An outbreak or contemporaneous outbreaks that are not controlled can evolve into an upsurge if widespread or unusually heavy rain falls in adjacent areas, creating favourable breeding conditions. An upsurge generally affects an entire region and occurs after several successive seasons of breeding and further hopper-band and adult-swarm formation takes place.

 

If an upsurge is not controlled and ecological conditions remain favourable for breeding, locust populations continue to increase in number and size, and the majority of locusts behave as gregarious bands or swarms, then a plague can develop. A major plague exists when two or more regions are affected simultaneously.

Although outbreaks are common, only a few lead to upsurges. Similarly, few upsurges lead to plagues. The last major plague was in 1986–1989 and the last major upsurge, or regional plague, was in 2003–2005. Upsurges and plagues do not occur overnight; they take many months
to develop. During plagues, Desert Locusts may spread over an area of some 29 million km2, extending over or into parts of some 60 countries.

The Desert Locust has the potential to damage the livelihoods of one tenth of the world’s population. Recent increases in cultivated areas on the edges of deserts in northern Africa, the Near East and South-West Asia make the Desert Locust a threat to the livelihood, income and food source of local populations. Swarms are often tens of square kilometres in size. A swarm of 1 km2 eats the same amount of food in one day as 35 000 people. A swarm the size of Bamako (Mali) or Niamey (Niger) can consume what half the population of either country would eat in a single day.

The Desert Locust plague of 1986–1989, the subsequent upsurges in the 1990s and the regional plague in 2003–2005, drew the world’s attention to the threat they pose to the food security of the affected countries, especially in the developing world. This situation calls for an integrated approach to understanding the conditions that lead to the locust build-up and their migration so that effective solutions can be developed for controlling damage.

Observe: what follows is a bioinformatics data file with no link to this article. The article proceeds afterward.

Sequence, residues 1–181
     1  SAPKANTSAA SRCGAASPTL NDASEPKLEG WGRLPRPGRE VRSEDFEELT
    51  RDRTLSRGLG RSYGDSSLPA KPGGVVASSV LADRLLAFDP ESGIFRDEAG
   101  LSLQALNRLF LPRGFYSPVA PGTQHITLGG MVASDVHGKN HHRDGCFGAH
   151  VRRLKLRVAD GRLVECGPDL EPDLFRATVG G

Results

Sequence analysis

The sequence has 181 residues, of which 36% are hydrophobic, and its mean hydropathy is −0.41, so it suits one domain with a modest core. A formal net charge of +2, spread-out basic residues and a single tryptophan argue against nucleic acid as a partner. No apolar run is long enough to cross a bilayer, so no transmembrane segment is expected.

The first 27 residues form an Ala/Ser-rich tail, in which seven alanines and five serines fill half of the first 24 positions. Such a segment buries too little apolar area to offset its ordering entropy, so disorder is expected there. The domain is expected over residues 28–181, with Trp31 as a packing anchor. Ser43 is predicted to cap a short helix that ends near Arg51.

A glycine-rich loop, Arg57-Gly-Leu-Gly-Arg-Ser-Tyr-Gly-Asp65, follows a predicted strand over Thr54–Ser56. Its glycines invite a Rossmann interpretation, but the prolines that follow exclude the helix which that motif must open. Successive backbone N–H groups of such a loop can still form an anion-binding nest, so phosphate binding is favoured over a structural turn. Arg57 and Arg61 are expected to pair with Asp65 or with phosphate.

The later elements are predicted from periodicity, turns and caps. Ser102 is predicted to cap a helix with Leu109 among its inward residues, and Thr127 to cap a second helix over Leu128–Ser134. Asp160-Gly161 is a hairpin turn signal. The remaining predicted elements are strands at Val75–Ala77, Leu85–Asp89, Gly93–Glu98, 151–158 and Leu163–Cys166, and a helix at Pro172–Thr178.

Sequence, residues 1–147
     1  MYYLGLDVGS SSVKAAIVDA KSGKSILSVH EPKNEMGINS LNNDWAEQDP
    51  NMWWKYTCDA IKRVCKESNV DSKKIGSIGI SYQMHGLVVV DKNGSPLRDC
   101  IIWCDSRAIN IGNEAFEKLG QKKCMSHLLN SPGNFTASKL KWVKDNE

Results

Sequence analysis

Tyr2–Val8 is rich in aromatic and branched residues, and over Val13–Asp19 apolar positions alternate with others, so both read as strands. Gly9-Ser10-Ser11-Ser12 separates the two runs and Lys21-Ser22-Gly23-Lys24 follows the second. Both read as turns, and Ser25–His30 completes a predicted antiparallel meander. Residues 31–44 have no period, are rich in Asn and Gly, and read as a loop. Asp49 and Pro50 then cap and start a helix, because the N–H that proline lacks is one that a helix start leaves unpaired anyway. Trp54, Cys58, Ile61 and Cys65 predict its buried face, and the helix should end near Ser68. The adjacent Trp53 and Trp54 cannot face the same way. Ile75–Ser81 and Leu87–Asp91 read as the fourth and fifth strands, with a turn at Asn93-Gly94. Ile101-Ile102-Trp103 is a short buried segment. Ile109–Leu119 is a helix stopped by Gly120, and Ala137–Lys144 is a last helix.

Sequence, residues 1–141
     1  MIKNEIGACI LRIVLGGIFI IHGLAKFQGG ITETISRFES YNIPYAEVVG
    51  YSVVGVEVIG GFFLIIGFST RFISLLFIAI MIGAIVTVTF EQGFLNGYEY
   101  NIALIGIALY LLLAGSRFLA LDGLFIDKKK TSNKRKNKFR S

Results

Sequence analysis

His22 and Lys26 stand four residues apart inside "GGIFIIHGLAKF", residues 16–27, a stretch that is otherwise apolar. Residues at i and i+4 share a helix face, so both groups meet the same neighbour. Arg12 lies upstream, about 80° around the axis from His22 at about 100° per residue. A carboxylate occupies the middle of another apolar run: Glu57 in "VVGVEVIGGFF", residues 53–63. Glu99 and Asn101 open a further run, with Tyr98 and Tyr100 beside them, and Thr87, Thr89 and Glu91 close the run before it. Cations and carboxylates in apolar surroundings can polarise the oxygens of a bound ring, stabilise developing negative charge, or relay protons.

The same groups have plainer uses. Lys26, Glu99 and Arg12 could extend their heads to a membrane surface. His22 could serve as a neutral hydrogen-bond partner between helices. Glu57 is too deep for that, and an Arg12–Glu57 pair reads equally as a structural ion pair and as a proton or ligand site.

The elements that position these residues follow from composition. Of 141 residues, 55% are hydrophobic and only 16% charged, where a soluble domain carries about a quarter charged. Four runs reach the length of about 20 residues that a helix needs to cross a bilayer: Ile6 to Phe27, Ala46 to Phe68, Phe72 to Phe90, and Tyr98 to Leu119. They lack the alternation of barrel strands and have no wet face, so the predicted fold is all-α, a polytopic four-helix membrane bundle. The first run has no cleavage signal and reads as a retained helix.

Lifecycle

Life cycle

A Desert Locust lives about three to ve months, although this is extremely variable and depends mostly on weather and ecological conditions. The life cycle comprises three stages: egg, hopper (nymph) and adult (Figure 2). Eggs hatch in about two weeks, depending on temperature (the range is 10–65 days). Hoppers shed their skins ve or six times, each time growing in size. This process is called moulting and the stage between moults is referred to as an instar. Hoppers develop over a period of about 30-40 days; adults mature in about three weeks to nine months but more frequently from two to four months, depending on environmental conditions, mainly temperature. If conditions are dry and cool, adults may remain immature for six months.

Adults do not moult and therefore do not grow in size but gradually increase in weight. An adult locust can eat its own body weight every day, about 2.5 g. Adults that can y are initially sexually immature, but eventually become sexually mature and can copulate and lay eggs. Solitary individuals always remain somewhere in the desert, ready to mate when conditions are favourable.

Eggs

Laying

Eggs are usually laid in areas of bare sandy soil and require previous rainfall. Generally, the female will not lay unless the soil is moist at about 5–10 cm below the surface. In soft sandy soils, females have been known to lay when moisture is found only at depths below 12 cm. Before laying, the female will often probe the soil, inserting the tip of her abdomen to determine if there is enough moisture.